I let the message languish on my phone while I unpacked the sad cardboard box I’d trekked home from my ex-office. Half of it was useless junk I should have left behind — the fake plant I dusted rather than watered, a Funko Pop of Ginger from Gilligan’s Island, and since when did I own a hacky sack? — but it did the trick of covering up the ingredients I’d need to exact my revenge whenever I’d had enough wine to feel pissed enough to override the guilt.

So my boss believed that asshole Billingsly in the accounting department that I had forged my paid time off count, huh? I had a crumpled napkin filled with danish crumbs and a single hair that I had gotten off of my boss’ desk while he was in a meeting and a sliver of fingernail I had watched Billingsly bite off and spit out as he talked to me. There were two voided reports with both their signatures, a sample of the fern my boss walked into almost every day when he entered his office, and a scrap of loose fabric that dangled off the bottom of Billingsly’s chair. When mixed with a few of my own ingredients — ballpoint ink, dried and diced highlighter tips, Eucerin hand cream, and a skimming off the top of a cup of creamed coffee left to sit for a week — they’d both have to use all their paid time off to recover from the irritable bowel syndrome that had suddenly befallen them. Always treat your co-workers with respect, I smirked to myself: You could never tell which ones were witches.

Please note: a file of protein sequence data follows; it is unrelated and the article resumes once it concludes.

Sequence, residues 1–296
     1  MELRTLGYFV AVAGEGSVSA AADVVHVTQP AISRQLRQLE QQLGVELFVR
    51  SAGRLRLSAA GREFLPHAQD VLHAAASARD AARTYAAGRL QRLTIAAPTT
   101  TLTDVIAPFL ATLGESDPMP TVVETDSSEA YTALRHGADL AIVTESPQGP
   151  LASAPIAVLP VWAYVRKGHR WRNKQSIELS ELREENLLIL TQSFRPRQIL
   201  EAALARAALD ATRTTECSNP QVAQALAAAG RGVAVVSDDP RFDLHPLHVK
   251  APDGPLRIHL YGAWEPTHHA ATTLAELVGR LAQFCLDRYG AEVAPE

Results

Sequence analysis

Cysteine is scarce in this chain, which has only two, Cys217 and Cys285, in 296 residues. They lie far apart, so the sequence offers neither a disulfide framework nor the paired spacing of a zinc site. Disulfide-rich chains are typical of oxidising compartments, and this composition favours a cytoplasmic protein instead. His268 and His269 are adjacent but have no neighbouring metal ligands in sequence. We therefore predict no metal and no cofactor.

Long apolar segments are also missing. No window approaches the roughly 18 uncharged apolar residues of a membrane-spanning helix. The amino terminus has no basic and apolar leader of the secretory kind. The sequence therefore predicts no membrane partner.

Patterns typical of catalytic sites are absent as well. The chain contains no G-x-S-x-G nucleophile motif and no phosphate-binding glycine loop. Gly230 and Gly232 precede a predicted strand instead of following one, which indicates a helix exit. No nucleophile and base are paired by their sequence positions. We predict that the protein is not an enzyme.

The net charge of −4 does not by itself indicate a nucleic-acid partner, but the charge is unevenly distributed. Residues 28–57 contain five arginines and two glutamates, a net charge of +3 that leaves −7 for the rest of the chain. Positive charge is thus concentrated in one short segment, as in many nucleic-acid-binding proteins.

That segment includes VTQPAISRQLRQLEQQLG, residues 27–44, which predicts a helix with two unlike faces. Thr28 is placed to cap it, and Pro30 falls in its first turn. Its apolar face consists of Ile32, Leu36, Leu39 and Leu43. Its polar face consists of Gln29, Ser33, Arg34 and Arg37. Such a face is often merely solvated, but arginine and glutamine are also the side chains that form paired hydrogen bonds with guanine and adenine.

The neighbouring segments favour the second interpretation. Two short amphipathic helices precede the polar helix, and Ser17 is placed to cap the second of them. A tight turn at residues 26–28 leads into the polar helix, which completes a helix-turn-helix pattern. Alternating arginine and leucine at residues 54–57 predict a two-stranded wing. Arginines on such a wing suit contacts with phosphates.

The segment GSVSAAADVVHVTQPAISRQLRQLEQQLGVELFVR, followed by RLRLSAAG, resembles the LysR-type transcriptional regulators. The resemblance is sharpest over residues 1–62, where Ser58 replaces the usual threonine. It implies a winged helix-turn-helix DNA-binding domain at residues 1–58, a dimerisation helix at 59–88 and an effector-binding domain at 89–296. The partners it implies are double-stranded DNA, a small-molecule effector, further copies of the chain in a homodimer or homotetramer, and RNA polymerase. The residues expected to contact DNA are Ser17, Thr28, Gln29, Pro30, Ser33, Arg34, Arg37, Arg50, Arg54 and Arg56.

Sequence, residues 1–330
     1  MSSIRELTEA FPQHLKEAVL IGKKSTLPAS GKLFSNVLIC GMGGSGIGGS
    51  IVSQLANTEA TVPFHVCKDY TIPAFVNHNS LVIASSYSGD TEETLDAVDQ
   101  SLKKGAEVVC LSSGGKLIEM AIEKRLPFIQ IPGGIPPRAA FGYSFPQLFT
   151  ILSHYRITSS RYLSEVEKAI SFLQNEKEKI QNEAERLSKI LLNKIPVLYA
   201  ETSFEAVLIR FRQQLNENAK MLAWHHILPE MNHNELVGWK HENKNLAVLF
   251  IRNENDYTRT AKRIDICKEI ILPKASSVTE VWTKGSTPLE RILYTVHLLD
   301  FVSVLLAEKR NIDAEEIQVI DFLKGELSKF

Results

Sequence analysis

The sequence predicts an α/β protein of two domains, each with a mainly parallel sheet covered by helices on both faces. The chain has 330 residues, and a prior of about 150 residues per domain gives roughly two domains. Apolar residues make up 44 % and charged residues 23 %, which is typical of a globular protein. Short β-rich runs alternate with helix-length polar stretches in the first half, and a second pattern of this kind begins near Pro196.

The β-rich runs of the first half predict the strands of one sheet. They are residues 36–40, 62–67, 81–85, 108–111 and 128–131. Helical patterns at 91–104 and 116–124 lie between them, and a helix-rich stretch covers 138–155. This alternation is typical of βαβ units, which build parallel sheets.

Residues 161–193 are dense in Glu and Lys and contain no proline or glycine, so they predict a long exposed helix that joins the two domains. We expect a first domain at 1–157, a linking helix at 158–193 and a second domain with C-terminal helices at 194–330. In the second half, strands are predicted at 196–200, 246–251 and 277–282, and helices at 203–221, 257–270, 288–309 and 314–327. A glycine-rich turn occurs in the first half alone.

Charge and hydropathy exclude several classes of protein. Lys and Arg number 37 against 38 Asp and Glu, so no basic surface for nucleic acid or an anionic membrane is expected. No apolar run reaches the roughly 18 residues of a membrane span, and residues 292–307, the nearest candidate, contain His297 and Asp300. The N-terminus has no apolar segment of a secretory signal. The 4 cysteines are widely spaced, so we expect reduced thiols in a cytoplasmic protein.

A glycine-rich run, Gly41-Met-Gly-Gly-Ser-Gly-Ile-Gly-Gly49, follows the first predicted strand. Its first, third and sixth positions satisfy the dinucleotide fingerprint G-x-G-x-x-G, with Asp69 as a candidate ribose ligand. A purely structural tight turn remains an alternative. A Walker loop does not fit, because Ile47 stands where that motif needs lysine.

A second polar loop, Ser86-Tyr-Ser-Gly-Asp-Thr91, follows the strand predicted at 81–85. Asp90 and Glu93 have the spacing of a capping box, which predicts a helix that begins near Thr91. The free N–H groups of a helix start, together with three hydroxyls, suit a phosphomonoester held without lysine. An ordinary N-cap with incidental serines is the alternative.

But that project would have to wait.

The message floated there ominously, that “your…” looming like the foggy rim of a cliff: I knew a drop laid just beyond the edge, but I couldn’t be sure just how far down I’d fall.

I opened it.

“Hi: been a long time. Need your help on a job. $$. Meet at Ravish around 7?”

So it was a job, then. The same hook in my pelvis that had regrettably pulled at the thought of Raff wanting me back was now in my stomach. I never liked his line of work — found it dirty, despicable — but my last paycheck was currently in my handbag, and my half of the rent was due in a week. Magic could only get you so far, and a little cash wouldn’t hurt.